Politics, Business & Culture in the Americas
The Migration Issue

The Risky Politics of Anti-Money Laundering

In Mexico and Brazil, financial intelligence is dangerously entering the political arena.
Mexico's President Andrés Manuel López Obrador, right, and Santiago Nieto.ALFREDO ESTRELLA/AFP via Getty Images

This article is adapted from AQ’s special report on migration

Several factors have made Latin America better at detecting grand corruption, but one has been particularly transformative: progress in anti-money laundering (AML). All major anti-corruption operations over the past decade either began with or heavily relied on financial intelligence — from Brazil’s Lava Jato and its subsequent Odebrecht investigations in several countries, to campaign financing cases in Chile or prosecutions against high-ranking officials in Guatemala.

Latin America is now incomparably more capable of “following the money” — gathering financial data, flagging suspicious activities and sharing information internally and with foreign counterparts — than it was ten years ago. Most countries have stronger enforcement agencies and better laws. New technologies in areas like data analytics and communications have helped them leapfrog. And businesses in the region are being forced to adapt to a new reality of enhanced compliance requirements, heavier penalties for misbehavior and less impunity.

But precisely because of its unprecedented power, AML in Latin America is now facing a new risk: politics. In the two largest economies in the region — Mexico and Brazil — agencies in charge of financial intelligence are worryingly entering into the political arena, although in very different ways. 

The political use of financial intelligence may bring short-term gains for AML institutions and some currently in power. Yet if not controlled, it will prove disastrous for the rule of law over the long run.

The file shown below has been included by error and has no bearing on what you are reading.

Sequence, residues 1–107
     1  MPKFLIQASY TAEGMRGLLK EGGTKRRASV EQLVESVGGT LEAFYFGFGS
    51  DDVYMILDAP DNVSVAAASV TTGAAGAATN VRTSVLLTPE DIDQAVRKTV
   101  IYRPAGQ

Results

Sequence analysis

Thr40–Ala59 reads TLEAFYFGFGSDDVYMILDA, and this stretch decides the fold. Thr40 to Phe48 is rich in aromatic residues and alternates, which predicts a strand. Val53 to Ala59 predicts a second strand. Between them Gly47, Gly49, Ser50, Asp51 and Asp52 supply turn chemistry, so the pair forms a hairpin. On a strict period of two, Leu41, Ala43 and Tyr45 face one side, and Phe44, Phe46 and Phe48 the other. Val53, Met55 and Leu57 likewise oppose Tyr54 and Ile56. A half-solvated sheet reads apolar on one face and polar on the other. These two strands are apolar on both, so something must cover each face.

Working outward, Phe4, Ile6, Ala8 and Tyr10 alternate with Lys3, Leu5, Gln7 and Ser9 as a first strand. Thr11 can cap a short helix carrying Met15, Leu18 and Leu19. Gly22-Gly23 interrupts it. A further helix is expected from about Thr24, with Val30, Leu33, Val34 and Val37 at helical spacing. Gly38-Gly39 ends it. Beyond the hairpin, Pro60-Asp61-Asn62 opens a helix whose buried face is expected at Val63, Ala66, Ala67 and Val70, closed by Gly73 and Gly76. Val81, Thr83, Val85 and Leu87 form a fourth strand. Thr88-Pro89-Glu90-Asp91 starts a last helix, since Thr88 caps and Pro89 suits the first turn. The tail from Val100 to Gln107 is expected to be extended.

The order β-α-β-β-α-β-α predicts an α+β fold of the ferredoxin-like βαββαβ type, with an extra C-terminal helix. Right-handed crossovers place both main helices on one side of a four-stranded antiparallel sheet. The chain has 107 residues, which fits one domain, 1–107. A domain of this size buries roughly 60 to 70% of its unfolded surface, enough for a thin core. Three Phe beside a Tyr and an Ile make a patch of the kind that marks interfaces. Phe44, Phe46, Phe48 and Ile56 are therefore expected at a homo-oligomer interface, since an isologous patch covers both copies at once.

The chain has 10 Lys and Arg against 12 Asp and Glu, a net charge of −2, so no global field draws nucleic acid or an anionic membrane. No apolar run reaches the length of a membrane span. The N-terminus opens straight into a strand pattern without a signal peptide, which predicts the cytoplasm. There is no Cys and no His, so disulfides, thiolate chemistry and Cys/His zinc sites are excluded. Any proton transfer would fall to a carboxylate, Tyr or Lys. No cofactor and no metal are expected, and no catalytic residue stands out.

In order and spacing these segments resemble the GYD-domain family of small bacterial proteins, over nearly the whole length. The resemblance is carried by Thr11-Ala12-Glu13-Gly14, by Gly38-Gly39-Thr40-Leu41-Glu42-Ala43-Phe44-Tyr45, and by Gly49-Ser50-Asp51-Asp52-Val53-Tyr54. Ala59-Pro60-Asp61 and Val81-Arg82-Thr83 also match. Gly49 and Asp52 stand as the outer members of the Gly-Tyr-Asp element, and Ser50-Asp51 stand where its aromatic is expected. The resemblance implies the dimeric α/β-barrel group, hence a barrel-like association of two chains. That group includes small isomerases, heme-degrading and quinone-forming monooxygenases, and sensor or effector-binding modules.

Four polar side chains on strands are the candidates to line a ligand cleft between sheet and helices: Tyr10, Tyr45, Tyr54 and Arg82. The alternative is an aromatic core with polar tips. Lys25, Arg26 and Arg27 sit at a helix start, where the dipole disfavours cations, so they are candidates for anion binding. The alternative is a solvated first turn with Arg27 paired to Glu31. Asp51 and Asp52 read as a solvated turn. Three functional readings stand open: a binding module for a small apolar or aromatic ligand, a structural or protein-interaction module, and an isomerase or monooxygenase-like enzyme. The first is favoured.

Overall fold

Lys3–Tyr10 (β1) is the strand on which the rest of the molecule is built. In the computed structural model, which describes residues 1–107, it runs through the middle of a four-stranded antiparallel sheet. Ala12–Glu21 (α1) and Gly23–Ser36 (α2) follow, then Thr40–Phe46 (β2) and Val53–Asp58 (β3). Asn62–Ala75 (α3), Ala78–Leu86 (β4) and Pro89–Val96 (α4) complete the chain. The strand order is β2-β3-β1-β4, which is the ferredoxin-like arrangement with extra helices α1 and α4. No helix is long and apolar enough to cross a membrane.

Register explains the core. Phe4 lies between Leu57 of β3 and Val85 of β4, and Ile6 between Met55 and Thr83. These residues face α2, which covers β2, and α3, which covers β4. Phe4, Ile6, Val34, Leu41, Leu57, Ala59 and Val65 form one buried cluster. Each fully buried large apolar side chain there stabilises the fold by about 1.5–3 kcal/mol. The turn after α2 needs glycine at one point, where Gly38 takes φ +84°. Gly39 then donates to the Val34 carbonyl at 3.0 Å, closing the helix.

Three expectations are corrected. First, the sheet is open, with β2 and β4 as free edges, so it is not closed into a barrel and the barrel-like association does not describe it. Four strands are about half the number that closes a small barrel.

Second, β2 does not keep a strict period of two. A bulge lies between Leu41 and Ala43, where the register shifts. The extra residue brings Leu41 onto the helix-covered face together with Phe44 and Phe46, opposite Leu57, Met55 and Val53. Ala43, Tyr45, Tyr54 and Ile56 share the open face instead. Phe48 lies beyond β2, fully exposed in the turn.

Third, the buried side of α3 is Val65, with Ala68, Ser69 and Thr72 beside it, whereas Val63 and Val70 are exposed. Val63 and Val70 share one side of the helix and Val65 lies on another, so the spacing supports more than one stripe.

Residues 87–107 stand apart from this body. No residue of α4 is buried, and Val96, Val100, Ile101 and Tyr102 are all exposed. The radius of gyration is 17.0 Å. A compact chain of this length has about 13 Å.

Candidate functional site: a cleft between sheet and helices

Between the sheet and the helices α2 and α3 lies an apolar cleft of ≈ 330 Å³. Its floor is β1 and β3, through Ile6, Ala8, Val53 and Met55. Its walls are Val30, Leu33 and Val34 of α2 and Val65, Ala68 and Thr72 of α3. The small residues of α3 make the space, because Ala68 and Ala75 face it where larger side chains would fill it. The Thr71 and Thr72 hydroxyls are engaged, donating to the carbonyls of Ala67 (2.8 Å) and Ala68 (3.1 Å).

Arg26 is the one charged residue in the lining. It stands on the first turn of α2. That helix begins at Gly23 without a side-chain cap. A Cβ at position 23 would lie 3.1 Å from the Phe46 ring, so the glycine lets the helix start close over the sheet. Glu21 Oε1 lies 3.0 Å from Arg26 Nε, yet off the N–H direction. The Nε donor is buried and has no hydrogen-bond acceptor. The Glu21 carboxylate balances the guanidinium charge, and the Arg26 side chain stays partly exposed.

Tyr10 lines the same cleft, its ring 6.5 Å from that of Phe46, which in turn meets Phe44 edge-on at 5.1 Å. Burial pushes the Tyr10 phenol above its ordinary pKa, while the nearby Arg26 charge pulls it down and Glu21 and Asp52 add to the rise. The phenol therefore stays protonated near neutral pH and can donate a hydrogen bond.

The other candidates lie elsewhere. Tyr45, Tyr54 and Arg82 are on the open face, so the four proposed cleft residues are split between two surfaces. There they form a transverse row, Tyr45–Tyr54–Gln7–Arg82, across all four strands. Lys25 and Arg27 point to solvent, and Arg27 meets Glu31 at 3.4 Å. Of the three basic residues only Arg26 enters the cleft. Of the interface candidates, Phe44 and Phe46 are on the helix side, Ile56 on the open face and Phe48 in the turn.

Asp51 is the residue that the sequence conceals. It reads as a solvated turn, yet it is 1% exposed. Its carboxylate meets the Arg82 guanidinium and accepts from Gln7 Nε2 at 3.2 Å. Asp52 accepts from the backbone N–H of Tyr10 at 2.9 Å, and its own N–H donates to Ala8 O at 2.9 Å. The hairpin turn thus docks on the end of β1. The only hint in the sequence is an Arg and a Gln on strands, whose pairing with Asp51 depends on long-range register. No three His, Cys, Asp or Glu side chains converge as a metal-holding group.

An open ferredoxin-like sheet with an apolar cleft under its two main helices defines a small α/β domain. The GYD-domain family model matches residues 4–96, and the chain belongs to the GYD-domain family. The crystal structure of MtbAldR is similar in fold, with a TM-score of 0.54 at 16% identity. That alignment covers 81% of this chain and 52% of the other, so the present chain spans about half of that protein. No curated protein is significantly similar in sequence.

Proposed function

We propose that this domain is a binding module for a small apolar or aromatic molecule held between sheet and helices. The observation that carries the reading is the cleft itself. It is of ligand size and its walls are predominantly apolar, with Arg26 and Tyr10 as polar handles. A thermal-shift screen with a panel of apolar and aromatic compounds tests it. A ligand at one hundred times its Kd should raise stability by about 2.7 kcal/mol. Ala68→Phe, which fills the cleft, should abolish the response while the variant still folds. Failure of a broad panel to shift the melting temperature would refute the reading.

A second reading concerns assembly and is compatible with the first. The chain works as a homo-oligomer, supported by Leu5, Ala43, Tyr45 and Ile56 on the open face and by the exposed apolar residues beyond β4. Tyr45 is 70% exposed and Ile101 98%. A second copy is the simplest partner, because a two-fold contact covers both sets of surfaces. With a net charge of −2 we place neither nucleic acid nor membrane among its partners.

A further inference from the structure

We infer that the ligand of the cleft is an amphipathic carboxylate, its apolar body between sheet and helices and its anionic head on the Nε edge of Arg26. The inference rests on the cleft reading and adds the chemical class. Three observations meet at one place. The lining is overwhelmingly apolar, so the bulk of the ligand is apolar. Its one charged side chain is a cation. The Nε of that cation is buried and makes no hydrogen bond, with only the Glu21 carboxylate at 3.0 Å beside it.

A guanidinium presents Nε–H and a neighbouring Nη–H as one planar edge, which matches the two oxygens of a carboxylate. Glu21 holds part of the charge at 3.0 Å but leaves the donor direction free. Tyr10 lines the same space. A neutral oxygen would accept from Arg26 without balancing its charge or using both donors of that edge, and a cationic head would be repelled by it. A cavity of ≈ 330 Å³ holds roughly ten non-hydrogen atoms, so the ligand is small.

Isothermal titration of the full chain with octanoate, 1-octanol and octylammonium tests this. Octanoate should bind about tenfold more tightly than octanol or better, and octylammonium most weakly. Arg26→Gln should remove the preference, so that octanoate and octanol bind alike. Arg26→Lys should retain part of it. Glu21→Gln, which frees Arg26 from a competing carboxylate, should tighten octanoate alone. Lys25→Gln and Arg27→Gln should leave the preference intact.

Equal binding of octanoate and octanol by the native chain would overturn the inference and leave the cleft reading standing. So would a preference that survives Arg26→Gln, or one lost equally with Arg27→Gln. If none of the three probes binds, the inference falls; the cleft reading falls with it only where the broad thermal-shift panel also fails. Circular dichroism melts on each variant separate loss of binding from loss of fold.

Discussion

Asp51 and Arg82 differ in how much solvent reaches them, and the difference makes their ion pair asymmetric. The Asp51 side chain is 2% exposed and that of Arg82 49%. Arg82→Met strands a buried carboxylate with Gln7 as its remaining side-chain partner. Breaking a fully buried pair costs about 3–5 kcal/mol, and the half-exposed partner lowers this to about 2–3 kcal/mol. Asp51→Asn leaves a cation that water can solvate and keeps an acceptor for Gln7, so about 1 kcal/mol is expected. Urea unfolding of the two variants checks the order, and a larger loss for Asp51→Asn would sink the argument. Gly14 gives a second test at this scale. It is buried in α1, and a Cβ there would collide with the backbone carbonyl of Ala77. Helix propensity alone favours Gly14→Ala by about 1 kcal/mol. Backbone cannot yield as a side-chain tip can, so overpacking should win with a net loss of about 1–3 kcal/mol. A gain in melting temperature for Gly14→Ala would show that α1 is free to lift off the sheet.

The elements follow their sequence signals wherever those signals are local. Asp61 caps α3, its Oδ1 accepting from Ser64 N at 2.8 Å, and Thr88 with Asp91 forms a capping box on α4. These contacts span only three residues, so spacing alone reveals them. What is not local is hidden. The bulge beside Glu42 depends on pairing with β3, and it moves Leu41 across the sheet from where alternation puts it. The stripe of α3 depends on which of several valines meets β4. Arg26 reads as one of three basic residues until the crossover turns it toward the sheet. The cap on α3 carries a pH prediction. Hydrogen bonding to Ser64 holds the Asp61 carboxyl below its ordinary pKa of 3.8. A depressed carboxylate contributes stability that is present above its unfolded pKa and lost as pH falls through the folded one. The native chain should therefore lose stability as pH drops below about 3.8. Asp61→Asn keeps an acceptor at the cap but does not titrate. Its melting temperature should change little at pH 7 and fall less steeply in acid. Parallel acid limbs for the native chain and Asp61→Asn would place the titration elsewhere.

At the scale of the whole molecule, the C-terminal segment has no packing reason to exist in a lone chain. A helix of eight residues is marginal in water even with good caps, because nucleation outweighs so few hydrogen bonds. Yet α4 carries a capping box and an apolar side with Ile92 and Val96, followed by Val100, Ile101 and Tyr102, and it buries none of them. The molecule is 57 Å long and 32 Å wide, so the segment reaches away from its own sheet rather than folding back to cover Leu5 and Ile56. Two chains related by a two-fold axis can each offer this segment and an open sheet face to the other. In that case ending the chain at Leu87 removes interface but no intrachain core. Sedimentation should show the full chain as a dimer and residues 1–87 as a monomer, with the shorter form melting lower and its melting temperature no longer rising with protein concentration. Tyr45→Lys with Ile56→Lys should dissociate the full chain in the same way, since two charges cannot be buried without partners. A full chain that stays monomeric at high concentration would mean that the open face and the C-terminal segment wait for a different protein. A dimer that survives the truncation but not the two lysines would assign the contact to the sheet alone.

Under President Andrés Manuel López Obrador, Mexico’s AML landscape underwent a sweeping transformation. The Financial Intelligence Unit (UIF) – the agency in charge of detecting suspicious transactions – went from quasi-anonymity to becoming the tip of the spear in AMLO’s war on what he calls the pacto de corruptos (pact of the corrupt). Heads of AML agencies are usually inconspicuous bureaucrats, but the UIF director, Santiago Nieto Castillo, now receives more media attention than most Mexican ministers.

A former electoral prosecutor sacked by the previous administration, Nieto drastically expanded the UIF’s activities. For instance, the number of frozen accounts jumped from an average of 3,500 per year to over 12,000 in 2019. Meanwhile, Mexico passed draconian laws on tax fraud, making it a national security offense, and granted AML agents powers to forfeit and sell assets even before a first conviction.

Under AMLO, the UIF led several actions against high-profile targets — from former Pemex president Emilio Lozoya to Supreme Court Justice Eduardo Medina Mora. The president lauded these operations as proof of his seriousness about fighting graft — and indeed, evidence of corruption abounded in some cases. However, the names on the UIF’s target list have one thing in common: none of them are aligned with López Obrador. In fact, critics have pointed out that Nieto’s agency has failed to investigate officials involved in corruption scandals who happen to be close to the president, such as the national electricity company director, Manuel Bartlett, or the head of the ruling party, Yeidckol Polevnsky. Nieto has repeatedly denied accusations of political bias.

Also, the UIF’s methods are under increased scrutiny. Nieto frequently makes declarations about ongoing investigations, prompting Attorney General Alejandro Gertz Manero to publicly accuse “units in the government” of violating due process. The UIF’s director rejected the accusations and López Obrador intervened to stop the friendly fire.